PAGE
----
FREETOWN (Reuters) – Sierra Leonean musician and activist Emmerson Bockarie is no stranger to controversy, having received death threats from all ends of the country’s political spectrum over two decades and three successive governments.
Bockarie is back in his home country after a four-year stay in Nigeria with a new release amid heightened political friction over accusations of corruption, tribalism and partisanship between Sierra Leone’s two main political parties.
The album “9 Lives”, released in August, tackled the same societal ills that have made him a target of both ruling and opposition party supporters.
Singing in the local krio pidgin, in a track called “Kokonat Ed” (Coconut Head) Bockarie sings: “Regardless of who’s in power there’ll be no change because they know we’ve made a strong decision to be blindly partisan.”
“Because of their fighting that has no expiration date and above all makes no sense the country is in reverse mode,” he sings.
Over a pulsating Afrobeat rhythm, Bockarie drives home the message that although power may shift hands, living conditions will remain the same for the poor so long as Sierra Leoneans continue to elect corrupt and incompetent officials.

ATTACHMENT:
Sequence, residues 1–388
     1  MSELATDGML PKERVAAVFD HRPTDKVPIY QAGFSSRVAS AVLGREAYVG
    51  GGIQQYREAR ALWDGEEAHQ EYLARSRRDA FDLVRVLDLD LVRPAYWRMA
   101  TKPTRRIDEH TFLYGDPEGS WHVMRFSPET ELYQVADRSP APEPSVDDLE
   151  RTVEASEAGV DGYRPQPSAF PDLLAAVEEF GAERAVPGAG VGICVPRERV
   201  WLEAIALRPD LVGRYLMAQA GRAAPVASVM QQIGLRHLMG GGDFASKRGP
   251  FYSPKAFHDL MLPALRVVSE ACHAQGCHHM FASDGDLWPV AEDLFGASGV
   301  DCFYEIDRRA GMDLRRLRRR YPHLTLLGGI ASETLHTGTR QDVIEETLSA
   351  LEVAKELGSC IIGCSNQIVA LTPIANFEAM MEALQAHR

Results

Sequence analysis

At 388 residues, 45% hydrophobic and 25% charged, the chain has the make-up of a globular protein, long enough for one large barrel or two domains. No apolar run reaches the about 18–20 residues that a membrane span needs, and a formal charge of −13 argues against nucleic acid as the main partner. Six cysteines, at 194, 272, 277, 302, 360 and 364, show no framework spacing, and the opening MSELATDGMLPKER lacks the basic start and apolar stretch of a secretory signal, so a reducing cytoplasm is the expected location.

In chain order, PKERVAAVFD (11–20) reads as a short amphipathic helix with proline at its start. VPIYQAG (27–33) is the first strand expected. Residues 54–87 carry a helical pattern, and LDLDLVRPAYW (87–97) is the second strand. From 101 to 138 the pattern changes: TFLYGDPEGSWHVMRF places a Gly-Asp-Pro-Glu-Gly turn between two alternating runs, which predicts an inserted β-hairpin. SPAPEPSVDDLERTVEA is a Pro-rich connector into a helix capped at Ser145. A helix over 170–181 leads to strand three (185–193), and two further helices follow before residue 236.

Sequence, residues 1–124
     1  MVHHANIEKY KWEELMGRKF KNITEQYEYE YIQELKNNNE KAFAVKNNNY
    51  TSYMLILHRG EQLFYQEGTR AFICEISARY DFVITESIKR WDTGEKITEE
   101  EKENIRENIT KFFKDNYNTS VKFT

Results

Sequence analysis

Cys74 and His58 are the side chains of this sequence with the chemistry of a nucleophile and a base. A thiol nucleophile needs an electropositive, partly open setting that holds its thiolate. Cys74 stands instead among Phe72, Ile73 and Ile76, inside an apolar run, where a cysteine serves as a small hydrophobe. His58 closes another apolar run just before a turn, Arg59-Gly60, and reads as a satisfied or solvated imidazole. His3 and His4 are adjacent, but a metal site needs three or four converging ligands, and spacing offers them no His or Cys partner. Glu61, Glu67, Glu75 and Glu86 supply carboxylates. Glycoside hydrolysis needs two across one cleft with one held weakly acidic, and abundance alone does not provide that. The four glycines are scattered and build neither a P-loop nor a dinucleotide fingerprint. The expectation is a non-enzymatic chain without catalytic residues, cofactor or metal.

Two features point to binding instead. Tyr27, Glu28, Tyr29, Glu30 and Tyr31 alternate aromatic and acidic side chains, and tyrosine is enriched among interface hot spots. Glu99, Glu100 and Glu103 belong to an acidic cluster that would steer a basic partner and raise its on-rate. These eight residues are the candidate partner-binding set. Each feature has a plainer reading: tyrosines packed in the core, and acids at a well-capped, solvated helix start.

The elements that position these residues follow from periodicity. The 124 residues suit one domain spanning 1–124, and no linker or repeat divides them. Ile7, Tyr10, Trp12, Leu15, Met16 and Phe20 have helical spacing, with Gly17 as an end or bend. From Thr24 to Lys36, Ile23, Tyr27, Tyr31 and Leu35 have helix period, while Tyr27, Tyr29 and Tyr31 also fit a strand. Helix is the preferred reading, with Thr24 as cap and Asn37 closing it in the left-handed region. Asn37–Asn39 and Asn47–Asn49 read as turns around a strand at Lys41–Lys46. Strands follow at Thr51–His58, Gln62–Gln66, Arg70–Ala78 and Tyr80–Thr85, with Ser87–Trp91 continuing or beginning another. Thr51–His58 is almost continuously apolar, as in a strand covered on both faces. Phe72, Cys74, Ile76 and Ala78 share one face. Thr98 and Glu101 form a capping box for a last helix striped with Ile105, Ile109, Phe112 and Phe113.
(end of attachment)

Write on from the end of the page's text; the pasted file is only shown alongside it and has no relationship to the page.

“We have been crying for 59 years,” Bockarie told Reuters. “We deserve better. Whatever is happening between the political parties, it’s not our concern…All we are asking for is a better Sierra Leone.”
While the current government of President Julius Maada Bio touts a policy of zero tolerance towards corruption, the Afrobeat singer says Sierra Leone continues to face the same problems like tribalism and partisanship that led to it into a civil war from 1991 to 2002.
The country’s two largest political parties, the Sierra Leone People’s Party (SLPP) and the All People’s Congress (APC), have alternately ruled since independence from Britain in 1961.
Bockarie began making his political brand of Afropop in 2002. His 2007 album is often credited for helping turn that year’s presidential election in favor of the then-opposition APC.
But by the time the SLPP regained power in 2018, Bockarie was living in Nigeria after having received death threats from APC supporters.
Sierra Leone’s anti-corruption body summoned former president Koroma for questioning in October over allegations of graft while in office, but had to postpone after a crowd of demonstrators barred investigators from entering his property.
“We’re taking the same paths over and over,” Bockarie said “We’re not asking for the world. We’re just asking for basic, basic amenities like pipe-borne water.”
(This story has been corrected to rectify song title in fourth paragraph)
(Reporting by Cooper Inveen; Editing by Bate Felix and Angus MacSwan)